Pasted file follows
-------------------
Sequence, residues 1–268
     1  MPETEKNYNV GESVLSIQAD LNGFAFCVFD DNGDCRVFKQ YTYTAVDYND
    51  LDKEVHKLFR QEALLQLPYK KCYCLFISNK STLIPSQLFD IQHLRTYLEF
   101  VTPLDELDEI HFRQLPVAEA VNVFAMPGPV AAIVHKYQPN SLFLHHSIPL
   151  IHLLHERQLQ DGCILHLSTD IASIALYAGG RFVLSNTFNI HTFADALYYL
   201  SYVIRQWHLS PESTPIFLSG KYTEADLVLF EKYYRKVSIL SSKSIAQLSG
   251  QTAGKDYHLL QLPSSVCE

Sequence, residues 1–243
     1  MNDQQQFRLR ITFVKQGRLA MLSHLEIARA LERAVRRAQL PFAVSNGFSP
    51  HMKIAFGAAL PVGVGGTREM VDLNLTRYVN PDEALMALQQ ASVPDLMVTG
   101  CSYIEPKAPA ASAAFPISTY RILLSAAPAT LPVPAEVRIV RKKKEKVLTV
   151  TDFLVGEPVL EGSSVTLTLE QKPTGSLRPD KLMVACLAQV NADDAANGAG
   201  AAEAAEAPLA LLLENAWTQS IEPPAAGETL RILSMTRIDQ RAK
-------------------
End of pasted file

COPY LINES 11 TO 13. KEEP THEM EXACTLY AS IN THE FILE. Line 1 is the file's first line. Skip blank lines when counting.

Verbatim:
   101  CSYIEPKAPA ASAAFPISTY RILLSAAPAT LPVPAEVRIV RKKKEKVLTV
   151  TDFLVGEPVL EGSSVTLTLE QKPTGSLRPD KLMVACLAQV NADDAANGAG
   201  AAEAAEAPLA LLLENAWTQS IEPPAAGETL RILSMTRIDQ RAK